These days are probably some of the best times when it comes to being a pet parent. We are fortunate that our furry family members are living longer and healthier lives now, due to advances in food and medical care. But, as our dogs, cats and other companions age, their needs change. Older pets are prone to a variety of age-related conditions. That being said, these conditions can be managed and your pet can actually stay comfortable despite them. Bi-annual examinations and blood tests are key in detecting these conditions early so that we can assist in prolonging and maintaining the quality of your pet’s life. We ask that you please call us for any further inquiries about our senior care services for pets.
When is a dog or a cat considered a senior pet?
It depends on the size and breed of your pet. As a general rule 7-years-old is when we consider our dog’s seniors or geriatric. For cats, 11-years-old is usually when we begin to treat them as senior patients. Other species also have different markers. Rabbits, for example, reach senior age a lot sooner at 5-years-old.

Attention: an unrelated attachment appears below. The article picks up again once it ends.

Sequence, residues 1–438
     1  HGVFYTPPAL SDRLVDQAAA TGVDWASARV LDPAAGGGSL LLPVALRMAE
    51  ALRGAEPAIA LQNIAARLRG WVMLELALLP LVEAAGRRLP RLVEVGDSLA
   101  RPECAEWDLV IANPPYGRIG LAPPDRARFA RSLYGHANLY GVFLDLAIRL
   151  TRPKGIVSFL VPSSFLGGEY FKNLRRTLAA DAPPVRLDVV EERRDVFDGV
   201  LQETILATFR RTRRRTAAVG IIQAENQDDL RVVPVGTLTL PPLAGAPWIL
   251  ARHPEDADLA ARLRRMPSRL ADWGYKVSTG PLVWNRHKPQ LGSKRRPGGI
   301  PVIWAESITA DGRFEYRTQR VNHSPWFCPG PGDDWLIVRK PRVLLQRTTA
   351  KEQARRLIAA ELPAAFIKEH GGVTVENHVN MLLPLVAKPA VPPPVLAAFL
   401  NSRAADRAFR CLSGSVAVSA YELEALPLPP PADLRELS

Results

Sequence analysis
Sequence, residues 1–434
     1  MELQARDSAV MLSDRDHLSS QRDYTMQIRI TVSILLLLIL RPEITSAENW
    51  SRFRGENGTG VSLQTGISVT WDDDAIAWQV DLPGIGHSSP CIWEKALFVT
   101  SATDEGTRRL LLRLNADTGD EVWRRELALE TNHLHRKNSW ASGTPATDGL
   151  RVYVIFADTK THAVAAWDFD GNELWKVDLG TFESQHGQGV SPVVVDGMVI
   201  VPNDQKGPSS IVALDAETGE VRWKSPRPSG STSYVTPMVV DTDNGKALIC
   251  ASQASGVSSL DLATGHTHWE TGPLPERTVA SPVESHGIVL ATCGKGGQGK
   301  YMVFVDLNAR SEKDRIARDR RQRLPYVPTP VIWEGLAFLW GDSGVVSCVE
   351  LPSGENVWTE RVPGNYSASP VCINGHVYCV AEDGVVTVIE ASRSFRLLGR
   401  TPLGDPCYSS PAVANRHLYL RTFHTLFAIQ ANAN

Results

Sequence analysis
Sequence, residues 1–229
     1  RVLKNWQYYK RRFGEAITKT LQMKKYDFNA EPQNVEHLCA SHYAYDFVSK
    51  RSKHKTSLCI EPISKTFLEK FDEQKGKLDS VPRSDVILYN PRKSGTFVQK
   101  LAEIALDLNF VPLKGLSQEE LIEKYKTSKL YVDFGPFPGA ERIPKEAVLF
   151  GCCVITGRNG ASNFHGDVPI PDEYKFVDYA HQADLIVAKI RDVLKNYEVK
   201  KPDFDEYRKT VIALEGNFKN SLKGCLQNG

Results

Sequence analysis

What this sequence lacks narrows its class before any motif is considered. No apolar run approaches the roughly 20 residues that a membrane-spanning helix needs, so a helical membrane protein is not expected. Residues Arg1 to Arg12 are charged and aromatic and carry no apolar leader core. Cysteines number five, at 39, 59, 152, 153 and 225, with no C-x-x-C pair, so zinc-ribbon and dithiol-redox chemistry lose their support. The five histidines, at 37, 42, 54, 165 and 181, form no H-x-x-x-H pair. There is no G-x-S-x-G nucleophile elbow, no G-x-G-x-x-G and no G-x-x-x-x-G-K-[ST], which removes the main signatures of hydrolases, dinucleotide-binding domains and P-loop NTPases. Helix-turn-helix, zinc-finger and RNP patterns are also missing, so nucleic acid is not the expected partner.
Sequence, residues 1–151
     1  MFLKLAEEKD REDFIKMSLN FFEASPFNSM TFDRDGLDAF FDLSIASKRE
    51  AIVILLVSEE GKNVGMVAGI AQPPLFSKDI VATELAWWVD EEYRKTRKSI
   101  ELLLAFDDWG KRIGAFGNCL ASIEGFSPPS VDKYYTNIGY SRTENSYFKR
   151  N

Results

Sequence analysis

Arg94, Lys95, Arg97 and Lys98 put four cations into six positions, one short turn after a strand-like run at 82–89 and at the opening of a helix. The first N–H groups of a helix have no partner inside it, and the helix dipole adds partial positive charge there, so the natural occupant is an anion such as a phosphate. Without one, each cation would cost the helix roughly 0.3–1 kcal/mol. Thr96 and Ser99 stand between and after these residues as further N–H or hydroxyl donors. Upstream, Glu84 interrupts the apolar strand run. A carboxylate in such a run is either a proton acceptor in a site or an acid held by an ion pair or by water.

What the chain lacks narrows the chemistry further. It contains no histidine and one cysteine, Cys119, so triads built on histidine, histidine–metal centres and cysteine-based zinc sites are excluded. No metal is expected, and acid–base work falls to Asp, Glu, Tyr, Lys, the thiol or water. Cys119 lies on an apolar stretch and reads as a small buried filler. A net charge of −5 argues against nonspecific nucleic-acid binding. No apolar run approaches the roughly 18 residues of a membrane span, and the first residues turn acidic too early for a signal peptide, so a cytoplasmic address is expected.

What are the most common health issues experienced by senior dogs?
Similar to ourselves, senior dogs suffer from health issues as they age. These issues include but are not limited to: arthritis, urinary and kidney disease, dental conditions, heart disease and some forms of cancer.
How should I care for my senior dog?
For a healthy senior dog we recommend bi-annual check-ups that include blood and occasionally urine test. These check-ups determine if we need to adjust anything in their routine care to help prolong their lives. We also recommend a senior-specific diet and keeping them both mentally and physically active.